Cat First Aid

Cat First Aid

In this article I want to discuss a cat first aid course that I recently completed. It’s quite common for those offering pet services professionally to take a dog first aid course (sometimes referred to as canine first aid). Indeed I myself took a dog first aid course, a face to face one with Canine Behaviourist and Vet Nurse Rachael Bean RVN MCFBA. It’s not very common however to find pet service providers who have take a feline or cat first aid course.

Cat First Aid – Online Course

The cat first aid course I took was an online course, organised by Animal Love Pet First Aid. The feline first aid course was written, produced and taught by a vet. With over 4 hours of video content and over 70 pages of notes to complete the course was quite detailed. I should also point out that the course is CPD approved. Some of the topics the course covered included:

  • Shock
  • CPR
  • Bandaging
  • Drowning / Choking
  • Toxins
  • Clininal Examination
  • TPR (temp/pulse/respiration)
  • Mucus membrane colour and what it means
  • Signs of pain
  • Road traffic accidents
  • Bites and stings
  • Seizures
  • Diabetes
  • Ear and eye problems
  • Hypo/Hyperthermia
  • Wound management
  • Vomiting and diarrhoea
  • Paw & Nail problems

The course looked at both medical and holistic treatment options. If you would like more information about this course you can visit their website as follows:

Online Feline Health, Well-Being & First Aid Course

Things That Are Toxic To Cats

Rather than go into great detail about every chapter of the cat first aid course, I thought it might be useful to cat owners to know some of the things that cats may come into contact with that are toxic or dangerous to them. Some of these are food items and others are things they may come into contact with in their environment.

  • Onions & Garlic. Usually becomes a problem when eaten in large quantities or concentrated form. Damages red blood cells which can lead to anemia.
  • Raw Eggs, Meat & Bones. This may seem to contradict other advice about the benefits of raw feeding. Certainly raw feeding mimics how a cat would naturally eat in the wild. The problem though is the risk of things like Salmonella and E. Coli.
  • Chocolate and Caffeinated Drinks. The issue here is a substance called methylxanthines which is found in both chocolate and caffeinated drinks. Can lead to vomiting and diarrhea, high body temperature, muscle tremors, abnormal heart rhythm, increased thirst and seizures.
  • Grapes & Raisins. Even in a small quantity, grapes and raisins can be harmful to cats. Not all cats will have a negative reaction but since it can cause kidney failure it’s best to keep them away from cats.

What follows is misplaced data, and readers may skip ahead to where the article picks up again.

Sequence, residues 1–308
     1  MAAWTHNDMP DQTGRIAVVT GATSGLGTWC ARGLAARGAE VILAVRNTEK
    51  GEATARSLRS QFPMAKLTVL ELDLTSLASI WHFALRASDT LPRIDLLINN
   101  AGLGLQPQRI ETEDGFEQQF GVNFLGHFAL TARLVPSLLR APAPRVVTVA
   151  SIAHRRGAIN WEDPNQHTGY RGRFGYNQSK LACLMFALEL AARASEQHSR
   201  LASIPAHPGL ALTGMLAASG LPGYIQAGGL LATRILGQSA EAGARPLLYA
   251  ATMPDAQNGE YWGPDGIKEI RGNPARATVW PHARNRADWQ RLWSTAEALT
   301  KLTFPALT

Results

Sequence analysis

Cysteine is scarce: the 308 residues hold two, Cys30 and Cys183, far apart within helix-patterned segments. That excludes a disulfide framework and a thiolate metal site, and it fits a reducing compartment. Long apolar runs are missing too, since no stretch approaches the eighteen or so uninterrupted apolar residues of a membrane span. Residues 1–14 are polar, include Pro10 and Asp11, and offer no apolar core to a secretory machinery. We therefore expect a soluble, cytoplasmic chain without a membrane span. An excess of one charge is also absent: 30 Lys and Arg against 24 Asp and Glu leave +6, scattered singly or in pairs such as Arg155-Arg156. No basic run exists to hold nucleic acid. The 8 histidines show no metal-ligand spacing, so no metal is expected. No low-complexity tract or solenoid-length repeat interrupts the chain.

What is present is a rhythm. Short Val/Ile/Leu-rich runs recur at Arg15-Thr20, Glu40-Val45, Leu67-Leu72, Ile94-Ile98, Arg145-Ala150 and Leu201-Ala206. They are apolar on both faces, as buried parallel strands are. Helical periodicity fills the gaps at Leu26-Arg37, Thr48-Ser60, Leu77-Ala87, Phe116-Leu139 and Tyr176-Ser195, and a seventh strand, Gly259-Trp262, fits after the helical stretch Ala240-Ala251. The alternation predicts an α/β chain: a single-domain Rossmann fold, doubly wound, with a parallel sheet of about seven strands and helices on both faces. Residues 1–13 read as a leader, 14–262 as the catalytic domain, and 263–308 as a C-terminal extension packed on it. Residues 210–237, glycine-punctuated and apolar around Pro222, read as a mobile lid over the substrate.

• Lilies. Two types of lilies are toxic to cats, true lilies and daylilies.
  • Insecticides. Thankfully rare and unless you use huge quantities in your garden unlikely you need to worry.
  • Antifreeze. Motorists who spill antifreeze when topping up their car or those with a leak in their cooling system can be a risk to cats. Even a few drops in a puddle can be harmful. The sweet taste of antifreeze can attract cats. It’s the Ethylene Glycol that’s the issue. Some manufacturers of antifreeze now add Bitrex to their products which makes the antifreeze bitter to the taste which should put cats off trying it.

Cat First Aid Kit – What To Include?

It’s probably fair to say that most pet owners would not have a first aid kit at home dedicated to their pets. Most will just visit their vet if they have an issue. There are some items that are typically found in a cat first aid kit that might actually be worth keeping at home. It’s always checking our pets from time to time, especially for things like fleas and ticks. The sorts of things you might typically find in a cat first aid kit include:

  • Nitrile gloves. To allow you to touch and treat cat wounds without passing bacteria from your hands.
  • Foil blanket. Keeps a cat warm if you have found an injured cat outside (like in a RTA).
  • Resusciade. Used when performing CPR to act as a barrier to prevent mouth to mouth contact.
  • Tick removal tool.
  • Bandage
  • Tweezers
  • Scissors
  • Sterile Gauze
  • Sterile wipes
  • Sterile eye wash

For anyone who is booking our cat sitting service feel free to ask to see evidence of our cat first aid. For anyone reading this who has something they wish to add to the article please leave a comment below.

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